I do not believe we can listen to the teaching of Jesus without being confronted with choices about the nature and presence of God, the nature of reality, the value of Jesus and the good news of the Gospel. The Gospel is an announcement, but to believe it is to choose and decide, as well as to believe and trust.

3) It becomes rather bizarrely one-sided to say we are empowered to believe, but to “decide” is an act of human will. Belief has always been a term that needed definition, especially in contemporary culture. So other terms, with proper definition and illustration, can be just as Biblically and essentially accurate.

There is no way to say that the reality of belief is labeled in some unseen way, so that “believing” is an acceptable term, but “choosing” and “deciding” are not. The work of the Spirit is described in the Bible, but it is not restricted to one English word or another. The reality of a spiritual experience is multi-faceted and can be offered and described in a number of ways as long as the Biblical context is maintained.

It is interesting that John Piper has often invented and promoted entirely new vocabulary and descriptives, and some of these terms are non-Biblical, but frequently used in evangelism. Take note of how Piper uses the terms “savor” and “treasure” to describe faith. Would it be unacceptable to say you should savor Jesus Christ? To treasure him? Would these terms be misleading?

4) I believe that hyper-Calvinism lurks around the edges of this discussion. I read hyper-Calvinistic reasoning frequently in the reformed blogosphere, though this would be frequently denied. This is the insistence that the parameters of evangelistic language are extremely narrow, and those who do not use an approved vocabulary or follow an accepted list of necessary points, then the gospel has been neglected and denied.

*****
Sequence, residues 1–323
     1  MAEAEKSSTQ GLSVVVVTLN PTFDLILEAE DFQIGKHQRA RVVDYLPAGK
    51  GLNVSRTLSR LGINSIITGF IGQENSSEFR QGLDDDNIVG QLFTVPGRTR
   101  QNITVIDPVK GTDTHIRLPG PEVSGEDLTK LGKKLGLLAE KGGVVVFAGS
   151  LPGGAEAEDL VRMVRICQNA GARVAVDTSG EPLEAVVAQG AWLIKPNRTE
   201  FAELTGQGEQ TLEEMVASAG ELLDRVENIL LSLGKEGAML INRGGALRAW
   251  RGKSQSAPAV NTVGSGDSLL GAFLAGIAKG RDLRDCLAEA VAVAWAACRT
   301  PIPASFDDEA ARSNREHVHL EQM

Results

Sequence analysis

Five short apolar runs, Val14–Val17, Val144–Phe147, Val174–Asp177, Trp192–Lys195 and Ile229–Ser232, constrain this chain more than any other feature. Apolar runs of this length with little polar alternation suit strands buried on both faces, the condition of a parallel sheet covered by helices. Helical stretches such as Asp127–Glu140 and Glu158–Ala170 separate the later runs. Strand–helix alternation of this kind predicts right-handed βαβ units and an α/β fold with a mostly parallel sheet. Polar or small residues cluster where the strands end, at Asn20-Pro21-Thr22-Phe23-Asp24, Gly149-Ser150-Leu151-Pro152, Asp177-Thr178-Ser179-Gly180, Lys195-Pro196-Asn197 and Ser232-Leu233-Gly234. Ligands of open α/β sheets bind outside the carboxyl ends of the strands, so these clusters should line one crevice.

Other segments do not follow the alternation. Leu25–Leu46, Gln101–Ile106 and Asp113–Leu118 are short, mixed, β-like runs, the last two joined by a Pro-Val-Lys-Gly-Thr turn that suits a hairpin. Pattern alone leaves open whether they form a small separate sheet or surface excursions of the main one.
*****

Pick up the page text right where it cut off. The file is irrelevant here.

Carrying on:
In fact, this is a dangerous denial of the process of communication that is essential to missions and translation work. The key is surrounding our language with Biblical context and content, not following an approved vocabulary. Those patrolling the outer regions of the blogosphere looking for offenders who aren’t following specific lists of allowed terms and language are, in my view, functional hyper-Calvinists.

In my preaching situation, I rarely give an invitation. (Since we aren’t a church, we don’t baptize.) I do invite students to choose Jesus as Lord. I tell that a decision to follow Jesus as Lord is my goal for them. I invite them to have conversations and ask questions. I describe faith Biblically, but I also use as many language pictures and illustrations as possible. As one called to announce the gospel, I believe the communication of the message of Jesus is a matter of keeping to the truth, not following a script.

Comments

  1. jmanning says

    I think A.W. Pink did some wonderful things for many Baptists…good books that made many reconsider their beliefs on the sovereignty and aseity of God. However, many people I know who have read Pink, spout the same kind of things you were just talking about. After all this talk of God being sovereign, and immutable, then they start acting like God can’t use this or that method. These anti-methods Calvinists do look sideways at anyone saved under any “strange” methods. I can’t quite say I’m as thankful for Pink’s influence in this area. (I haven’t really read much of him though)

    Baptists have ruined the idea of discipleship by making it “decisionship”. Instead of abiding under Jesus’ teachings, we are taught to decide this or that for God. It makes us buzz around from spiritual conquest to spiritual conquest like ants. If you aren’t deciding to do something for Jesus, you aren’t doing anything, etc.

    Europe had a similar problem early last century, where preachers and theologians emphasized “abandonment” to Christ. You had to abandone with reckless surrender certain things that would keep you from Christ. Problem was, a lot of people abandoned things that were good but not best, instead of sowing into them godly means and reaping from them what they had sown.

    I think any method that pushes the will besides the mind is not in line with biblical thinking. Look at various passages at how we are saved/renewed. The mind is important. Yet a pastor also has to know how to get his “heady” over-educated flock to move it from their minds to their feet (i.e. Paul with the Galatians). So it seems a mixture of invitations/”METHODS” for exhortation would be biblical.

  2. Pink was the major influence on these folks. Interesting.